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... more on the Che T-shirt criticism
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It seems most popular criticism comes from people who know little or nothing about Che, and is directed at people they in turn
think know little or nothing about him but wear his image. Their cynicism and criticism is best understood in the light of what they see as an affront to mindless conservative commercialism. Images with real meaning, such as a Che T-shirt, are seen as ironic and inappropriate when compared to Budweiser and Calvin Klein T-shirts. The latter have no real meaning and are simply banal consumer products, and thus "safe" to wear. Consumerists fail to understand the usefulness of wearing one's beliefs "on one's sleeve", so to speak. Fashion is a dictum to those people
Most critics of the controversial Che T-shirt are also embarrassed by the reminder that Che fought against both the world's superpowers (US and USSR), toppling puppet fascist and totalitarian regimes that they had created. Both "communist" and "capitalist" foreign policy at the time involved kidnapping, torture, murder and political assassination to further their ends. Not only did Che manage to survive several CIA and special forces attempts to kill him and destroy his country, he also worked tirelessly to increase wages and literacy amongst his people. All in the face of sanctions and mounting pressures from the "superpowers" which cut supplies and trade, making the job that much harder. The Che t-shirt is a reminder that the U.S. used covert operations, trade embargos, and supported terrorism against many states trying to free themselves from exploitation.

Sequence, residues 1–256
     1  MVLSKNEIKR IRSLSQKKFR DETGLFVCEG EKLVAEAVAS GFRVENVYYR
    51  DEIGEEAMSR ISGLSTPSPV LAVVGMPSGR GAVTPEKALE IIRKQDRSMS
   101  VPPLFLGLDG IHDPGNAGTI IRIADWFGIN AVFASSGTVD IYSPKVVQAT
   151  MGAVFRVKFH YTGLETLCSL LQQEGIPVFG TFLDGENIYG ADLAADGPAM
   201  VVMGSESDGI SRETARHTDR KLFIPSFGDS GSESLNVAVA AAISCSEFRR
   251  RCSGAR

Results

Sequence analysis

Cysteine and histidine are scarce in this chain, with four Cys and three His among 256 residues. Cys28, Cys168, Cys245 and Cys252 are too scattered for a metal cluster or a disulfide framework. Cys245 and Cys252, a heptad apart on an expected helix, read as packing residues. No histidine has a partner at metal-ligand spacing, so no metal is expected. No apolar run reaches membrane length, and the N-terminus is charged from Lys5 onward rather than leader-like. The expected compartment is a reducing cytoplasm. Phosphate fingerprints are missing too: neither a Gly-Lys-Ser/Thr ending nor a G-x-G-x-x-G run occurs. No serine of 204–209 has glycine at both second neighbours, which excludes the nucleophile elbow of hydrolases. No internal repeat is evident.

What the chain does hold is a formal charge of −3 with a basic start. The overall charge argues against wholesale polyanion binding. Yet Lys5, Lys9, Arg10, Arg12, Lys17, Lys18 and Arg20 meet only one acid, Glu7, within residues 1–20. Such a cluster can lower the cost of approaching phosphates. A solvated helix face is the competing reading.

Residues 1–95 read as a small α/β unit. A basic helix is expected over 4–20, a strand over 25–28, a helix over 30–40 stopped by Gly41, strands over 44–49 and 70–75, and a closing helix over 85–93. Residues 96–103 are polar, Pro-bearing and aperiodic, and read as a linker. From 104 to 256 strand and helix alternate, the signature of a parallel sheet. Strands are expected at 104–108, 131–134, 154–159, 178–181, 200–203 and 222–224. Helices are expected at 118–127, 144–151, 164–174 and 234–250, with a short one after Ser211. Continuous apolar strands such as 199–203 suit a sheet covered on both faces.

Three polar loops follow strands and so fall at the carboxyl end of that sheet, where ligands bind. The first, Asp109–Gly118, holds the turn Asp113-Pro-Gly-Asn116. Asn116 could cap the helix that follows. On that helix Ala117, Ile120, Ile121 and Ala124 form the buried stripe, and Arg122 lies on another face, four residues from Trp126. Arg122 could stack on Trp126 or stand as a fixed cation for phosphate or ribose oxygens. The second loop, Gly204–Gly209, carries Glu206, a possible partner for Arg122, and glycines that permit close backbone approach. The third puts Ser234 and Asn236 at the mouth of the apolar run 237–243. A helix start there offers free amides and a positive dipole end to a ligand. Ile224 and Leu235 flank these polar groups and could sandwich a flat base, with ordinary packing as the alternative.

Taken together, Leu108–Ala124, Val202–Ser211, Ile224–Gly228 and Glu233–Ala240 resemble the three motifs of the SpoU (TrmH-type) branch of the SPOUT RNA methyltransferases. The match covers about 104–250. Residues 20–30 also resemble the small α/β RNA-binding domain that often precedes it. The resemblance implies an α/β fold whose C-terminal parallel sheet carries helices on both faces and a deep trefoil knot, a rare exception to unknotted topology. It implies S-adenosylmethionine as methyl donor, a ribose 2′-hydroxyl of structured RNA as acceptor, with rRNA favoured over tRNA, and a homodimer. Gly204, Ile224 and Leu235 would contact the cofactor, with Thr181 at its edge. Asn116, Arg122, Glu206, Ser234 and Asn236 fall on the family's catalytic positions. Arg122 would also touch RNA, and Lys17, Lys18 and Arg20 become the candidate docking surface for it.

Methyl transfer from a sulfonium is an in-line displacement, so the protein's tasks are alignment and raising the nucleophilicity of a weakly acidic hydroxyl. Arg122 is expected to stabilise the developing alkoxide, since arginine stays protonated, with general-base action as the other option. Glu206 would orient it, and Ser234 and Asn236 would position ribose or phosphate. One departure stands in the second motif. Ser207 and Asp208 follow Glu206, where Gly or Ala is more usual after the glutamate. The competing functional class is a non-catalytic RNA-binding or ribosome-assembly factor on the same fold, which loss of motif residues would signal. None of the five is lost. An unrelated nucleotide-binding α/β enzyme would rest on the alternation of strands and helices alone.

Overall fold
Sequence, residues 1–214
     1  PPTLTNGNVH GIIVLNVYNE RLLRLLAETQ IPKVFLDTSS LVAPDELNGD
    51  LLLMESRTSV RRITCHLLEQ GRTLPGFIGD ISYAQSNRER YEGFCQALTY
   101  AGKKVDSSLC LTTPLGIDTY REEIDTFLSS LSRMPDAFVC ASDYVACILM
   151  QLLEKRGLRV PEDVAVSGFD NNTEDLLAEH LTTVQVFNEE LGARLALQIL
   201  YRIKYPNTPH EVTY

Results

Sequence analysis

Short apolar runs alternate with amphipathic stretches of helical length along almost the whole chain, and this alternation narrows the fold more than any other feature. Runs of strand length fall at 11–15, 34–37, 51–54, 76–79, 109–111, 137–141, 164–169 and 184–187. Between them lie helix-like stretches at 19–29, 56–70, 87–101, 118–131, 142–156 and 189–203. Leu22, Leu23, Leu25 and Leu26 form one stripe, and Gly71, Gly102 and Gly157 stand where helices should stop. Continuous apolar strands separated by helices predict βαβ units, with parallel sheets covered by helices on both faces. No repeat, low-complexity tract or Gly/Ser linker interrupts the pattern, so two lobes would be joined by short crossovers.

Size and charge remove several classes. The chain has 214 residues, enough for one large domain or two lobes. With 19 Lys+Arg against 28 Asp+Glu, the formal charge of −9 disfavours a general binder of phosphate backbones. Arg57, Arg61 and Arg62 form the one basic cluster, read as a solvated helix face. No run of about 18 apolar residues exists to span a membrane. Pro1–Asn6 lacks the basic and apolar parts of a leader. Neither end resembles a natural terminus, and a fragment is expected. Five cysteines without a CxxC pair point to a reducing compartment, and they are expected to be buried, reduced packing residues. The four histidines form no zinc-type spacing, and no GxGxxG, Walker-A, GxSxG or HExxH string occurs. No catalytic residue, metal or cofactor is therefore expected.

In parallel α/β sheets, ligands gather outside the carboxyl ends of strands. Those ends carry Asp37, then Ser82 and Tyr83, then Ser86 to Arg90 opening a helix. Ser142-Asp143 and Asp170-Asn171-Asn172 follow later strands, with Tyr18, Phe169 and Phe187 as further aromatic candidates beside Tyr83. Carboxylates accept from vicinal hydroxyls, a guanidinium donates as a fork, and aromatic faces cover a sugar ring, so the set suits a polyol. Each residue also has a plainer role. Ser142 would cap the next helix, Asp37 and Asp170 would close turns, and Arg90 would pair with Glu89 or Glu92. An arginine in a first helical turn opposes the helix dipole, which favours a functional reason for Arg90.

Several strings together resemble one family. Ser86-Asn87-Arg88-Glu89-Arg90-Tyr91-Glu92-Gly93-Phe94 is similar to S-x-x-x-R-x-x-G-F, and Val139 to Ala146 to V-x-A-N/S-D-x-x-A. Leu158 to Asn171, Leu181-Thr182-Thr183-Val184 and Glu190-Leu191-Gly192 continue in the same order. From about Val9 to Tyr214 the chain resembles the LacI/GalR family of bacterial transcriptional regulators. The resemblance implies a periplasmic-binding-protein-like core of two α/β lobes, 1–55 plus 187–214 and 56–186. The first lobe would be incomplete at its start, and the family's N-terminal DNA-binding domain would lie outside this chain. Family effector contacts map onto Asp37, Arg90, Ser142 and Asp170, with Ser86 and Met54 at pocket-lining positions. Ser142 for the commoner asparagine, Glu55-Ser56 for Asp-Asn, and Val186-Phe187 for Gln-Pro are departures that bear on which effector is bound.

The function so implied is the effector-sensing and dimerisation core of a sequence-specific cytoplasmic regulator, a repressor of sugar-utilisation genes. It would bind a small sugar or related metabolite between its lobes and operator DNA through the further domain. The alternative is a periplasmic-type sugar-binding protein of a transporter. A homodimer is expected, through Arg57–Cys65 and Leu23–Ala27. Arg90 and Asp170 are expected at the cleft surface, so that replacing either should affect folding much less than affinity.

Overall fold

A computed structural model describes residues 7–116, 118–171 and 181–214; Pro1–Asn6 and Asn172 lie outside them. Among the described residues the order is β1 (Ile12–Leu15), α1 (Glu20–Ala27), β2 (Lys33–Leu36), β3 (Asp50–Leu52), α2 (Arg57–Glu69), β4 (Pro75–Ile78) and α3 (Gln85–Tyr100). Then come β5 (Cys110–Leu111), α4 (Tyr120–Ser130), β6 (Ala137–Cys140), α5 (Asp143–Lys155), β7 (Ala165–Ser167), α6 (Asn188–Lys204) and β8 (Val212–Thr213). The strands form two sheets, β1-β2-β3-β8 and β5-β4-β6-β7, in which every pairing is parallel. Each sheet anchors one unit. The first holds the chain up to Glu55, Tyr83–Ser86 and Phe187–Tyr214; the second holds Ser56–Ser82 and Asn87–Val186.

Some critics view his work as proof that he was "anti-capitalist"; that wearing a T-shirt with his image on it is laughable. But this is simply self-serving nonsense. If you read Guevara's books, you'll see that he and Castro were far more centrist than the US or Russia at the time. Telling someone they can't buy a T-shirt bearing the image of someone who criticizes capitalism is awfully convenient for capitalists. They don't want capitalism questioned. They want to forget these people and their criticisms and they'll say anything to have their way.
The truth is that, as a man who eschewed awards and glory, Guevara might be embarrassed by all the attention today. But he certainly wouldn't be against selling something that might help promote international brotherhood or the advancement of the common people. The critics will be surprised to know that, early on, Guevara was full of hope for a union between all the Americas -- North, Central and South America -- and often referred to himself plainly as "an American". But then, it's always easy to criticize others when you know nothing about them. It's easy to make up your mind when you don't have any real information. To those people, I suggest they ask questions first. I suggest they read a book.
My Che T-shirt I guess I was 17 when I first heard about Che Guevara, and it was a year or two before I bought a copy of "Guerilla Warfare". The more I heard about him, the more impressed I was. At that time, there wasn't much information available about the man, it being before the World Wide Web was invented. Hardly anyone knew who he was, and the now famous Che Guevara t-shirts were extremely rare.
Actually, they're still extremely rare today.
But I had a funny experience last St-Patricks day, when I put on my Che shirt (it being the only thing green I had to wear). People asked me if I was wearing anything green for St-Pat's, so I pulled up my sweater to reveal my olive green Che shirt underneath. "Oh, you've got one of those," they said, "those are everywhere these days."